Open Access Taxonomic Revision of the Endangered Hawaiian Red-flowered Sandalwoods (Santalum) and Discovery of an Ancient Hybrid Species

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Abstract:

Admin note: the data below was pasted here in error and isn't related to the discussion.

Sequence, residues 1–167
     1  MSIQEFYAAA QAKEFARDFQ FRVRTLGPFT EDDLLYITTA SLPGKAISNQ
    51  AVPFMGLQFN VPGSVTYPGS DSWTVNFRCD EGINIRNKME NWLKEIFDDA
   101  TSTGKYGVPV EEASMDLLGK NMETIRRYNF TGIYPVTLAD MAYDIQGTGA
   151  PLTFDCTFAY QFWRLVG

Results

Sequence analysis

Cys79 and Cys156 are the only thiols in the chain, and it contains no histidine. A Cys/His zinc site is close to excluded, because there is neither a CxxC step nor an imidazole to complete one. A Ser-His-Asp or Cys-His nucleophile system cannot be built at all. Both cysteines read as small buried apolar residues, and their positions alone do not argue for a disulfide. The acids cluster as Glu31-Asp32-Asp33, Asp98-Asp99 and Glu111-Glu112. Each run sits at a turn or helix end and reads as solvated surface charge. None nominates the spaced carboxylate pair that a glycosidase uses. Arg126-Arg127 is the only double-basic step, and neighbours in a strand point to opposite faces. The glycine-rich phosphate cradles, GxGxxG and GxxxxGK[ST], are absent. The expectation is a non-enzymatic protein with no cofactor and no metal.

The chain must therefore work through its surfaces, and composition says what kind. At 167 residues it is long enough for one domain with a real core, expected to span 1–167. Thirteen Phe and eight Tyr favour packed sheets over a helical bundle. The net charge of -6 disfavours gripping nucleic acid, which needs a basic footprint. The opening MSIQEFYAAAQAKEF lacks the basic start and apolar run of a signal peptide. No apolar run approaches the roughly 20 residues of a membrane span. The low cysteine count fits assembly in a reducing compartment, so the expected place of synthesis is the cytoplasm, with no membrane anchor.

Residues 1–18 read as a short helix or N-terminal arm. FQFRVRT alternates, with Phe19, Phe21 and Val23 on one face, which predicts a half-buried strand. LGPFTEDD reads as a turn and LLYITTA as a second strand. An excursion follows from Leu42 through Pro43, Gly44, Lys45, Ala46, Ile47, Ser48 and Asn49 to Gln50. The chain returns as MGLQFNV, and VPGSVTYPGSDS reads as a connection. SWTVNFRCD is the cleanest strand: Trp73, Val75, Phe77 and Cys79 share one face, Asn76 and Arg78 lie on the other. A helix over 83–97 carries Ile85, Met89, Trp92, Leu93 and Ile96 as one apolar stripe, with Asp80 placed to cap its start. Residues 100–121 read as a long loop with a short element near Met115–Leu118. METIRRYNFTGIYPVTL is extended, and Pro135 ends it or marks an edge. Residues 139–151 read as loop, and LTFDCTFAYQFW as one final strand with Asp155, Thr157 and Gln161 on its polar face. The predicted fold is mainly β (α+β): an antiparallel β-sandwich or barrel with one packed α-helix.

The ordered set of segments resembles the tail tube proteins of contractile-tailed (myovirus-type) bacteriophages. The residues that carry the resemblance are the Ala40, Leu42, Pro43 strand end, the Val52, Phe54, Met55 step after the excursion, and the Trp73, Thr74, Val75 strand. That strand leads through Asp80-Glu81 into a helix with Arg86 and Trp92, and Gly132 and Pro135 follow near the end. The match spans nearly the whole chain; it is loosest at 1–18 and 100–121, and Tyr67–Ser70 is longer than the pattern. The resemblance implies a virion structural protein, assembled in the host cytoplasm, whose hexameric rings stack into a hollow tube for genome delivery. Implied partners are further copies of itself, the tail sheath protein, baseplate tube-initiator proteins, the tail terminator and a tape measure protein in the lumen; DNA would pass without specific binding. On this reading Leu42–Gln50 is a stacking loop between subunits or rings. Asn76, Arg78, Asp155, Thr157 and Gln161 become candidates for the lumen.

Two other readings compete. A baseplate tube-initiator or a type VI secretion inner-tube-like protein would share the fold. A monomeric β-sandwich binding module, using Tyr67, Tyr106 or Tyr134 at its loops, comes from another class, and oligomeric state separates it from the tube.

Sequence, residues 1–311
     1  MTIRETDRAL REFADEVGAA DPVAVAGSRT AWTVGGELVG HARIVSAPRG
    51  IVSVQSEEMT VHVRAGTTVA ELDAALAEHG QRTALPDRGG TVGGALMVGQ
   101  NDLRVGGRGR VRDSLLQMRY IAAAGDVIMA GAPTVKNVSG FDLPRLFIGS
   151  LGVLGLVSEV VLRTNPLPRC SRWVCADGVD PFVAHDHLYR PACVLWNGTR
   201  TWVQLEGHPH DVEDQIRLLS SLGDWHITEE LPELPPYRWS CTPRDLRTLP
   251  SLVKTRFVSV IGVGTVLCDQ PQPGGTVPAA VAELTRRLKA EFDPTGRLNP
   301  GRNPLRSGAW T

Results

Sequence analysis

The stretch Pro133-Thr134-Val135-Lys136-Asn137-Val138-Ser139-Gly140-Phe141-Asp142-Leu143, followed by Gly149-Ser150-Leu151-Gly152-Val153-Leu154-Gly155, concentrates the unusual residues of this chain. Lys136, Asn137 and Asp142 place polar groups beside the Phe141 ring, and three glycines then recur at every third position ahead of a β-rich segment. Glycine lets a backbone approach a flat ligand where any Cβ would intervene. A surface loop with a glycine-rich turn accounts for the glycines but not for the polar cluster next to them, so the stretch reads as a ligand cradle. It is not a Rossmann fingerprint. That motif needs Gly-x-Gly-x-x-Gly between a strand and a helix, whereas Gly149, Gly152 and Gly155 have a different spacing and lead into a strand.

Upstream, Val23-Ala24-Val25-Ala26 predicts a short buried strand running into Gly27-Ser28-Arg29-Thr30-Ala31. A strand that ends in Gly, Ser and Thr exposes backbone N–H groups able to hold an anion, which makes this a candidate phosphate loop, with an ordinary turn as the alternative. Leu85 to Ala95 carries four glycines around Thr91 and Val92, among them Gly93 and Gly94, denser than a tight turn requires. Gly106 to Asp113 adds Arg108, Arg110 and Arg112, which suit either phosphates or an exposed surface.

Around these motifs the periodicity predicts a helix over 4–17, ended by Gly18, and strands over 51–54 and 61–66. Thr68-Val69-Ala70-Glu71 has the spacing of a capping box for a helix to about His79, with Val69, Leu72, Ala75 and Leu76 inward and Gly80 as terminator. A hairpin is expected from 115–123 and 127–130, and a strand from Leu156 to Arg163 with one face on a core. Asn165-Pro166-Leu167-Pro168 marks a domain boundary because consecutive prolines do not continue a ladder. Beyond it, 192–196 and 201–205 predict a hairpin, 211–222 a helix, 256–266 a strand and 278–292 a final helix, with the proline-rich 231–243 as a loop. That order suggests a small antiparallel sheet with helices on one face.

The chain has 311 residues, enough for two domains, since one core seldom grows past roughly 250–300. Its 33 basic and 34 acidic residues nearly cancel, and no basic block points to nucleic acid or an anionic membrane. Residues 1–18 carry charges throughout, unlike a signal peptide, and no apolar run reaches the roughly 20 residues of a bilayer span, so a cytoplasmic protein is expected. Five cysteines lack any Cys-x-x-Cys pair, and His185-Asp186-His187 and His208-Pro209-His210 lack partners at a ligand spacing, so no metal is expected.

The Hawaiian Islands are home to a quarter of the named diversity of sandalwoods in the genus Santalum. There has been considerable confusion on how to best interpret the variation patterns of the red-flowered Hawaiian sandalwoods, S. freycinetianum and S. haleakalae, and particularly of the endangered S. freycinetianum var. lanaiense in an appropriate taxonomy. In this study, nrDNA (ITS, ETS) and cpDNA (3′ trnK intron) sequence, microsatellite, and morphological data are integrated to appropriately revise the taxonomy of this group by better understanding the genetic and morphological diversity within and between populations. Results reveal that populations of S. freycinetianum from O'ahu are genetically distinct from populations on Moloka'i, Lana'i, and Maui. Santalum freycinatianum is now considered only to occur on O'ahu. The East Maui endemic S. haleakalae intergrades morphologically and is not genetically distinct from populations of S. freycinetianum var. lanaiense based on the sequence and microsatellite data gathered thus far. We combine them here into a single species, S. haleakalae, with two varieties (var. haleakalae and var. lanaiense, comb nov.). Lastly, examination of populations of S. freycinetianum var. pyrularium suggest it is best treated at specific rank as S. pyrularium. Some populations that are sympatric with S. pyrularium and S. ellipticum in the coastal cliffs and valleys of northern Kaua'i, are morphologically similar to S. pyrularium but are more closely related to the white-flowered S. ellipticum clade according to both nrDNA and cpDNA data. However, at least three synapomorphic sites in the nrDNA data indicate that its origin may have been the result of an ancient hybridization event with the red-flowered clade. The morphological characteristics of this inferred ancient hybrid lineage appear to correspond with the species S. involutum described by H. St. John.
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